230
230
Sir Godfrey Kneller, Bt.
1646 - 1723
PORTRAIT OF THE HON. LUCY LOFTUS, MARCHIONESS OF WHARTON (1670-1717)
Estimate
6,0008,000
LOT SOLD. 45,600 GBP
JUMP TO LOT
230
Sir Godfrey Kneller, Bt.
1646 - 1723
PORTRAIT OF THE HON. LUCY LOFTUS, MARCHIONESS OF WHARTON (1670-1717)
Estimate
6,0008,000
LOT SOLD. 45,600 GBP
JUMP TO LOT

Details & Cataloguing

Sale at Easton Neston

|
London

Sir Godfrey Kneller, Bt.
1646 - 1723
PORTRAIT OF THE HON. LUCY LOFTUS, MARCHIONESS OF WHARTON (1670-1717)
three-quarter length, wearing a white dress and a blue cloak

inscribed l.l.: Lucy Marchioness of Wharton


oil on canvas, in a carved wood frame
122.5 by 97.5cm.; 49 by 39in.
Read Condition Report Read Condition Report

Provenance

By descent to her daughter Jane, Baroness Wharton, wife of Robert Coke, who left her estate to Anne Maria Draycott, wife of George Fermor, 2nd Earl of Pomfret

Literature

J. Douglas Stewart, Sir Godfrey Kneller and the English Baroque Portrait, 1983, p.139, no.839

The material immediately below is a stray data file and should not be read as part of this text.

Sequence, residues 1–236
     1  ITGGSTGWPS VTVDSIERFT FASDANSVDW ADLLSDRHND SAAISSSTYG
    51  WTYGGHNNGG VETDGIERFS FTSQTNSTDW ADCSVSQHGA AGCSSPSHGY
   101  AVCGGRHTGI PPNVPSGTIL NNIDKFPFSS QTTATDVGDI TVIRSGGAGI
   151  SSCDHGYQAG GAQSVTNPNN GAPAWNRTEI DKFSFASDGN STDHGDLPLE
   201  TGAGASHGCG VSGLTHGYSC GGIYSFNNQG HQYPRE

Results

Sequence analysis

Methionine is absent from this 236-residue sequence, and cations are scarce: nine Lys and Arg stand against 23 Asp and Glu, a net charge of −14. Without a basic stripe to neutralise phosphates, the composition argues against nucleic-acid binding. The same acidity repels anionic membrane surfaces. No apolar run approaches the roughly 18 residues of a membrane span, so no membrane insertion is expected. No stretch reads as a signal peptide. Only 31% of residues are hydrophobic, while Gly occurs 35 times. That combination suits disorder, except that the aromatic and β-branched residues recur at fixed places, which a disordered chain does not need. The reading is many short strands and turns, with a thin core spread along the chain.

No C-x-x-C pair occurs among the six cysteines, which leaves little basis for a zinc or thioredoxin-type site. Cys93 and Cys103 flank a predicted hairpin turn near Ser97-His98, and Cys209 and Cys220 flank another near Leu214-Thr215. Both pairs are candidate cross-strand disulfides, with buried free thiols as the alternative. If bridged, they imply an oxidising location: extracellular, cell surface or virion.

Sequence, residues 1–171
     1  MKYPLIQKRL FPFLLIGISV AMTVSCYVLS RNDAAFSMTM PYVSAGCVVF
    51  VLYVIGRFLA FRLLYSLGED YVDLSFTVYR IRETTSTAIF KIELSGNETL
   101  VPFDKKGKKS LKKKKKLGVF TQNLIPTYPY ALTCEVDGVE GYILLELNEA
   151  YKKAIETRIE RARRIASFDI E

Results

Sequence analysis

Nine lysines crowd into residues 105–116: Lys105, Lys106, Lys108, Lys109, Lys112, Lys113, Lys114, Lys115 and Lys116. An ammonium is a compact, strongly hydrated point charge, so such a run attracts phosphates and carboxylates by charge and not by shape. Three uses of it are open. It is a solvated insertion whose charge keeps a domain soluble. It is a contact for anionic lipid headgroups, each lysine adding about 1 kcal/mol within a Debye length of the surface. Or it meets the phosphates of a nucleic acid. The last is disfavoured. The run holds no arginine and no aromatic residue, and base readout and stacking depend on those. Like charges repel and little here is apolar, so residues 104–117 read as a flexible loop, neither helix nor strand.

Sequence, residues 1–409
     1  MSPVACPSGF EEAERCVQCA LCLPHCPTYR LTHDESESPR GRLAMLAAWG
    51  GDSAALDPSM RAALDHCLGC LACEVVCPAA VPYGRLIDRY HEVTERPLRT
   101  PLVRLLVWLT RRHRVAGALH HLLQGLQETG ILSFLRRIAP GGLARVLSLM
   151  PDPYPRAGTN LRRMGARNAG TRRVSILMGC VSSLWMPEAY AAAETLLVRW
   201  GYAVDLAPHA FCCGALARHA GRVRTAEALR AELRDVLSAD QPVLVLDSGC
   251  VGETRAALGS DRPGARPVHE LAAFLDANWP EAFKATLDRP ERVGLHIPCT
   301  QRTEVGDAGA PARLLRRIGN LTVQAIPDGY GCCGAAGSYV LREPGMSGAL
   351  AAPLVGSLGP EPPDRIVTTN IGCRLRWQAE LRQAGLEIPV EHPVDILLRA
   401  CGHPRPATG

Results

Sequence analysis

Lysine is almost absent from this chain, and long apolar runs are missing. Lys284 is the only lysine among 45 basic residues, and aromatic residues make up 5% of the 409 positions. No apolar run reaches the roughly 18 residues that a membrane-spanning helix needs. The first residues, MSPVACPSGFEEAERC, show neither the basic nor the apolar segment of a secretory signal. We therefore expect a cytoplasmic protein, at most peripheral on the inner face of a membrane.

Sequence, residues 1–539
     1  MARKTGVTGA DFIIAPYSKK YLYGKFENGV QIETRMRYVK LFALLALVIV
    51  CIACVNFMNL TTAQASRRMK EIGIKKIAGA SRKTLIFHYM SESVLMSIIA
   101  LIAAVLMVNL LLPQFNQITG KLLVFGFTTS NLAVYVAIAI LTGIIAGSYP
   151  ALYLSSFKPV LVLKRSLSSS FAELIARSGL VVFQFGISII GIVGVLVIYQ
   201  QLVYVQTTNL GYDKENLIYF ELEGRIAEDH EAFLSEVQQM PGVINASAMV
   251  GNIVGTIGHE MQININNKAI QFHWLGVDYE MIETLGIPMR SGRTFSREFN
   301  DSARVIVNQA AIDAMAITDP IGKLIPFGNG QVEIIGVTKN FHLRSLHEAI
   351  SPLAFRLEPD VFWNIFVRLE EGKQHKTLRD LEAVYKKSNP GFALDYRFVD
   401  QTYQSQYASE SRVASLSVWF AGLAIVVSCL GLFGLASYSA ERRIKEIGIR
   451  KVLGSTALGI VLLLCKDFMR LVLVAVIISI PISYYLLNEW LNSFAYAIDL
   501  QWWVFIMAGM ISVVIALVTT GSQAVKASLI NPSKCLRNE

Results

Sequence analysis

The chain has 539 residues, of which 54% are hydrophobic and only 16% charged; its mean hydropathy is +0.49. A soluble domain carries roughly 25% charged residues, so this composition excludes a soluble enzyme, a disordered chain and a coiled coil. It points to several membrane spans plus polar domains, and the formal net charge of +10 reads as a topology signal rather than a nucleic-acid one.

Catalogue Note

The sitter was the daughter and sole heir of Adam Loftus, Viscount Lisburne and his wife the Hon. Lucy Brydges.  Lord Lisburne was a considerable landowner in Ireland, and on his death in the Irish War on 15th September 1691, left his twenty-one year old daughter substantial estates worth £5,000 per annum and including Rathfarnham Castle.  In July 1692 she married the celebrated politician Thomas, Lord Wharton, son of Philip Wharton, 4th Baron Wharton (see lot 48) and his second wife Jane Goodwin.  Goodwin Wharton, his brother, who watched them dance at a ball at Kensington Palace on 6th July 1692, six months before their marriage, called her Thomas's 'new mistress'.  Lucy soon became the toast of the Whig Kit-Cat Club and bore her husband a son called Philip (who later became the famous Duke of Wharton) and two daughters Jane and Lucy.  King William and the Duke of Shrewsbury acted as her son's godfathers and Princess Anne was his godmother.

Sale at Easton Neston

|
London